The departure of Microsoft's founder and iconic leader Bill Gates comes at a pivotal time in the company's history as it struggles to compete with Google, the architect of the new Web economy and perhaps the company's most formidable foe ever.
With Gates giving up his full-time duties, two very different leaders -- CEO Steve Ballmer and Chief Software Architect Ray Ozzie -- are burdened with the task of transforming Microsoft into a leader in an industry where the Web, not the PC, is driving how people use technology.
As Gates' heir apparent, Ozzie in particular is under an enormous amount of pressure to rise to the occasion. How he performs as chief software architect once Gates leaves the fold is key to Microsoft's ability to take the same dominance it enjoyed in the PC industry for the past 20-some years to the world of Internet advertising and hosted services.
Ozzie has been chief software architect for only two years, and during that time has worked with Gates in preparation for June 27, Gates' last full-time day at Microsoft. While Ballmer has been running Microsoft alongside Gates since he took over as CEO in 2000, Ozzie's ability to be a long-term leader is unproven.
Though Ozzie will have help from the rest of Microsoft's relatively new team of top brass -- Chief Research Officer Chief Mundie and Chief Operating Officer (COO) Kevin Turner among them -- it's his relationship with Ballmer and his ability to steer Microsoft's technology direction in the next five to 10 years that will determine whether the company can beat Google at its own game.
A skillful salesman, Ballmer's style and his way of attacking Microsoft's problem on the Web is by now fairly well-known -- and so far has not really worked.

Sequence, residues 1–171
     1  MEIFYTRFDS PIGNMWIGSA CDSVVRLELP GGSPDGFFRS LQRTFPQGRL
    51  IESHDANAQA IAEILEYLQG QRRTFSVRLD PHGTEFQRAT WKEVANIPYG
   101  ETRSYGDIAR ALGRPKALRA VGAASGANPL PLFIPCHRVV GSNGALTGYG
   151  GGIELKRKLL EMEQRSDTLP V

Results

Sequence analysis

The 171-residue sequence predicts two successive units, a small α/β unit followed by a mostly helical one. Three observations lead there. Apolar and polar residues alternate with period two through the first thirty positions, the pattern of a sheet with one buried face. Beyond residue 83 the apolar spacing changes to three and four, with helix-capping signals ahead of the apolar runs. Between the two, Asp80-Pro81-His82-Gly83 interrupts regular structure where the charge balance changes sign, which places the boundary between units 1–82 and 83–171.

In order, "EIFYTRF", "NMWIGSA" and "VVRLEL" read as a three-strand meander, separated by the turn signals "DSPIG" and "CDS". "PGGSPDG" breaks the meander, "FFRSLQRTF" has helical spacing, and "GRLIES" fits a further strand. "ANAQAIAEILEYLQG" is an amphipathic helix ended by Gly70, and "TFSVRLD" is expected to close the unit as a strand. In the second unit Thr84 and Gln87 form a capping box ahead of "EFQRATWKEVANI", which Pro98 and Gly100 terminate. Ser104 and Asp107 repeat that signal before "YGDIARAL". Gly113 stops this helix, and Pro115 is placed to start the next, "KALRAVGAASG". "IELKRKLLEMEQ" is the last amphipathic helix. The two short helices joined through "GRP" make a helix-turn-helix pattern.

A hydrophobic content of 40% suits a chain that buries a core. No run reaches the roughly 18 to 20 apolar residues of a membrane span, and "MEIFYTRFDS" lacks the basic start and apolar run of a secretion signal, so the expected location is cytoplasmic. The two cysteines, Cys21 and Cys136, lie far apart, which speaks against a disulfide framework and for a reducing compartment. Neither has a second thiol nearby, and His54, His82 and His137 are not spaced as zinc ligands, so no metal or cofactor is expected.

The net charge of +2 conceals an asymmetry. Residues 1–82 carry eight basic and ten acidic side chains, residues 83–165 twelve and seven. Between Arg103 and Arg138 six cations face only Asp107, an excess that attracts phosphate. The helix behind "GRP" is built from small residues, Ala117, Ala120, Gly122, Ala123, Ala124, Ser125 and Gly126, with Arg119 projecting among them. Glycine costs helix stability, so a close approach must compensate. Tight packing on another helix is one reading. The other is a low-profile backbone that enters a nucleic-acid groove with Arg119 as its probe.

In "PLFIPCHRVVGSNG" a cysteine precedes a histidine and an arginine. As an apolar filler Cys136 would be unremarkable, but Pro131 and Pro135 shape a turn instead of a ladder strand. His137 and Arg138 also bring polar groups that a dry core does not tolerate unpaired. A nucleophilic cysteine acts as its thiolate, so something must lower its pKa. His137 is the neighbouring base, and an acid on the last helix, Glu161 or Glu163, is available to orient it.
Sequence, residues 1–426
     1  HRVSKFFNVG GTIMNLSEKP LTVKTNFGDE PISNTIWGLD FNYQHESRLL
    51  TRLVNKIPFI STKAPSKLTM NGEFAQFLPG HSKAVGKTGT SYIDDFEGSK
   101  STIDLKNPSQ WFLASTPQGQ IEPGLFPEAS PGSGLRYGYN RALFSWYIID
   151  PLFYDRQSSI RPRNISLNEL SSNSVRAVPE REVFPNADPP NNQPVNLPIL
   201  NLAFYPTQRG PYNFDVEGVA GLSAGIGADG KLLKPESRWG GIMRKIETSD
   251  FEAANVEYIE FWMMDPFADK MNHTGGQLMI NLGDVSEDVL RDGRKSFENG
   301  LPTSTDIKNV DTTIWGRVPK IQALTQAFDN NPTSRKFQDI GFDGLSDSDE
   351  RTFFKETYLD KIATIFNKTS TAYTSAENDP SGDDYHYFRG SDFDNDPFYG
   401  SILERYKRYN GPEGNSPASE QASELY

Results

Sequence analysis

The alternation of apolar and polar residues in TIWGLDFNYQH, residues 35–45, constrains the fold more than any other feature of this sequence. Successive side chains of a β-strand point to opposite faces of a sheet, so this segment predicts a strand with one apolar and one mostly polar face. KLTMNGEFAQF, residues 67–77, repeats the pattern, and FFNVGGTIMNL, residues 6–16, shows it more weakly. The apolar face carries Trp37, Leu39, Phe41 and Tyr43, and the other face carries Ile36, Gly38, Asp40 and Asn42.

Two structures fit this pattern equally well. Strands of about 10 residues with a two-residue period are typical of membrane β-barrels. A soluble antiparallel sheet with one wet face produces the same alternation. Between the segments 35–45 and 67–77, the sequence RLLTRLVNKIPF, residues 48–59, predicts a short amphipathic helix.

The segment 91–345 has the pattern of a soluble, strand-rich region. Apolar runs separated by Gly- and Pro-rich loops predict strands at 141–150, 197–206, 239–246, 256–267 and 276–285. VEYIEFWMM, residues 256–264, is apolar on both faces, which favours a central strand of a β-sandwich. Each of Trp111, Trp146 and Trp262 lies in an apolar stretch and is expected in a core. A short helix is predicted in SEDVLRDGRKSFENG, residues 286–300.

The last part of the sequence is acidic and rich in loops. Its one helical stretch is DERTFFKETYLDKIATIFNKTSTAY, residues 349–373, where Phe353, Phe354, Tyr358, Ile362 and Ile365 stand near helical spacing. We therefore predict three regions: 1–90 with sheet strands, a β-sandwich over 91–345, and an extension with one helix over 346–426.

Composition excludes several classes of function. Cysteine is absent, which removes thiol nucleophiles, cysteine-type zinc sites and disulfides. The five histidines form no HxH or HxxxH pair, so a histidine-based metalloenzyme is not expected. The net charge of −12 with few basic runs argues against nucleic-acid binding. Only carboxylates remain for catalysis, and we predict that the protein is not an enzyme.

Microsoft under Ballmer's reign has grown by acquiring technology -- think of the spate of small virtualization vendors the company subsumed in the past several years to bolster that strategy. However, the nature of those acquisitions has started to change, which shows Ballmer is tweaking his own strategy to adapt to an industry that has outgrown Gates' vision for the company, noted Stewart Alsop, cofounder and partner of venture-capital firm Alsop Louie Partners and a longtime industry watcher.
To compete with Google on advertising and the Web, Microsoft is gauging future purchases by how much value they can bring to the company immediately, said Alsop.
"The idea behind Yahoo was to buy revenue -- revenue and traffic," Alsop said. Given the recent breakdown of that deal, this change in strategy -- and Ballmer's ability to execute it -- is still a work in progress, he added.
As technology visionary and Gates' successor, Ozzie must serve as a thoughtful counterbalance to Ballmer's trademark bluster.
As a public figure, he appears more reserved and soft-spoken than Ballmer, and even seems to take himself a bit more seriously than Gates, who was not afraid to poke fun at himself in spoofy company videos.
Ozzie has put forth a more professional demeanor than his predecessor, making keynote presentations in dark suits and button-down, collared shirts as opposed to the more comfortable attire Gates wore on stage. It's likely Ozzie knew he had to present himself seriously from the beginning in order to be taken that way.